Examples from the split-window ICQ chats will be given in a format such as that in (7) throughout this study, i.e. with bracketed turn indicators retained. Informants’ textual references to personal names, locations, etc., have been carefully masked in order to preserve informants’ anonymity; accordingly, laurie in (7) is fictitious. The annotation and the TTR, word length and lexical density calculations, however, were carried out on the original texts with original verbatim references.
The present section briefly introduces LLC’s conversational genres and compares them to the UCOW genres, in order to explain the motives for studying SBC as a supplementary corpus to LLC. The section further describes the sampling of SBC and the annotation of the SBC subset texts, concluding with a remark on how the SBC subset results are treated in the study.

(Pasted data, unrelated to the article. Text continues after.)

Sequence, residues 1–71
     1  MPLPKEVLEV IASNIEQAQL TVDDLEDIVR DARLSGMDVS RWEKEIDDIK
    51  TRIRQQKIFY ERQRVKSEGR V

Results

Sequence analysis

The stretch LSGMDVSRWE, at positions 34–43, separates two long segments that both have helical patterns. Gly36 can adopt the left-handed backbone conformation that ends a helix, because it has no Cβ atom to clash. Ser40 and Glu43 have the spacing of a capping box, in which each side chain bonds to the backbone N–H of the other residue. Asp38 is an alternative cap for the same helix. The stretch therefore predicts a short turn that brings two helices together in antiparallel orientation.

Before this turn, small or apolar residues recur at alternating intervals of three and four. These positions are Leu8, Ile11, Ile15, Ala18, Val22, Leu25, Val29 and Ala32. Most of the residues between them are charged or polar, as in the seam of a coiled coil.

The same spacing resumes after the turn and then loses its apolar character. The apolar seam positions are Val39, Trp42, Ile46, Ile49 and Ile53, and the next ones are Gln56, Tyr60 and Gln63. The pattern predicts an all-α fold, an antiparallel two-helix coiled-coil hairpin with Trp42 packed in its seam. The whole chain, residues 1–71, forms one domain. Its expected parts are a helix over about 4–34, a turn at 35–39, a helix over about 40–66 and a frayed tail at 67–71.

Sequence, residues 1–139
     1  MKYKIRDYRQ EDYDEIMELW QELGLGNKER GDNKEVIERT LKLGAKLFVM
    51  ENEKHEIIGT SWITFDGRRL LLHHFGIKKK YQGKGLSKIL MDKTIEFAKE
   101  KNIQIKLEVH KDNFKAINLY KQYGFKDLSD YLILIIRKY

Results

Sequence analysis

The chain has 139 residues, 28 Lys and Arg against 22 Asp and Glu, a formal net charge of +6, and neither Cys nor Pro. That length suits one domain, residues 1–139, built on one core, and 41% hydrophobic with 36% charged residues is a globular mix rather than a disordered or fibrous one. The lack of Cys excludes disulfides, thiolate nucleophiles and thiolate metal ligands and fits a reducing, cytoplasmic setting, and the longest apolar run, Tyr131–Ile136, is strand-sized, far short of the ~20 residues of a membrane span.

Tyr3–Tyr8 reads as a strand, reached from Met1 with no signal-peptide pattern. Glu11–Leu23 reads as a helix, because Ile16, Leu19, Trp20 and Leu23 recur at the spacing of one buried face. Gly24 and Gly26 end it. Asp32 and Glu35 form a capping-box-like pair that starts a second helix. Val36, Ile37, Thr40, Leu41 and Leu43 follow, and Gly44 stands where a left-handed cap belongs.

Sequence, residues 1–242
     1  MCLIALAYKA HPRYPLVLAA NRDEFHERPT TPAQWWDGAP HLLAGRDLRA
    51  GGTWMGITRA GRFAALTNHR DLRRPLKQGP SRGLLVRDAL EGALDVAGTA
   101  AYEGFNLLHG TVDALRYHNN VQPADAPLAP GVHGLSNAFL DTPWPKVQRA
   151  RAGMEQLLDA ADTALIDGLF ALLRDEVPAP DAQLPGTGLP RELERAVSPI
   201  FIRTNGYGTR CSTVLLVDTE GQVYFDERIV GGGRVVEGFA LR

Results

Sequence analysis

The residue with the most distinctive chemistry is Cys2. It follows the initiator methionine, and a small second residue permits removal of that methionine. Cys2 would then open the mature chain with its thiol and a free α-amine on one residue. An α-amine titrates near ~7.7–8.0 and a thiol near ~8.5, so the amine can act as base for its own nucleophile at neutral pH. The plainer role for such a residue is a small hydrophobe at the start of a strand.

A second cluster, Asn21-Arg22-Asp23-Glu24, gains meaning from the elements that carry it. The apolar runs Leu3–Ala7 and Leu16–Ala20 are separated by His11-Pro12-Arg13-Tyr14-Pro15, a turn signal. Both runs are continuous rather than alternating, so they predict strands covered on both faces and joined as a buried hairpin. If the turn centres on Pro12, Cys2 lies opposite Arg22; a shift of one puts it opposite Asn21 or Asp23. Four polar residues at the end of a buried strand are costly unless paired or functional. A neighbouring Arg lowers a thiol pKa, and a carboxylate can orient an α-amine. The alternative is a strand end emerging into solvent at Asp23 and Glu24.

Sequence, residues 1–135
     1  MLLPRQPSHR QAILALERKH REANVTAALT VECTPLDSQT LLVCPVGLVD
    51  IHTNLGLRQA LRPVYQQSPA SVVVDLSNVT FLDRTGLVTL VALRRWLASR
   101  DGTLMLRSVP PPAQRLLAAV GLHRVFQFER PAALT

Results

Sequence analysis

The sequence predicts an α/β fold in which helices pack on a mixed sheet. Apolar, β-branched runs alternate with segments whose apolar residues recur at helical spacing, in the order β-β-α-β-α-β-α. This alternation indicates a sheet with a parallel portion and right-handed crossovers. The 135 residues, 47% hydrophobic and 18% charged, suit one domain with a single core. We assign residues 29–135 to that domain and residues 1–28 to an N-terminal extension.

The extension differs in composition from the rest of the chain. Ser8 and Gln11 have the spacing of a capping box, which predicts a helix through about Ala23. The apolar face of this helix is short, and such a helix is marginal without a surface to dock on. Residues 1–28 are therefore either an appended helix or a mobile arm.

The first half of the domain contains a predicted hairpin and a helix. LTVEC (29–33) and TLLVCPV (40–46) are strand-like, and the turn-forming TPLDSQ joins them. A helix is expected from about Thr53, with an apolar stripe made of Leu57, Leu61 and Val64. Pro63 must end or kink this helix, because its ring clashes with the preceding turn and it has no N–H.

In section 2.3 of the present study, Biber’s (1988) MD methodology for studying textual variation was introduced. As mentioned there, Biber (1988) discovered six dimensions of variation among written and spoken texts and positioned six genres of speech and 17 genres of writing on each of them. The present study intends to position the two UCOW genres of conversational writing on the same dimensions. By using the established positions of Biber’s genres on the dimensions, especially those of oral conversations (face-to-face and telephone conversations), it should be possible to determine the level of orality in conversational writing, i.e. its similarity to oral conversations. The positions of the conversational writing genres will also help to address, for instance, the two hypotheses stated in section 1.2, suggesting different levels of orality in SCMC and SSCMC. Throughout this study, samples from conversational writing will be contrasted with textual samples of spoken conversations, as well as with samples from other genres, to exemplify for instance the distribution of lexico-grammatical features. The spoken genres in Biber’s (1988) study derive from LLC and the written genres from LOB, as well as two collections of letters (see Appendix I for a list of genres studied in Biber 1988). As the conversational genres are of particular interest ← 96 | 97 → in the present study, the comparability of UCOW to LLC conversations is an important concern.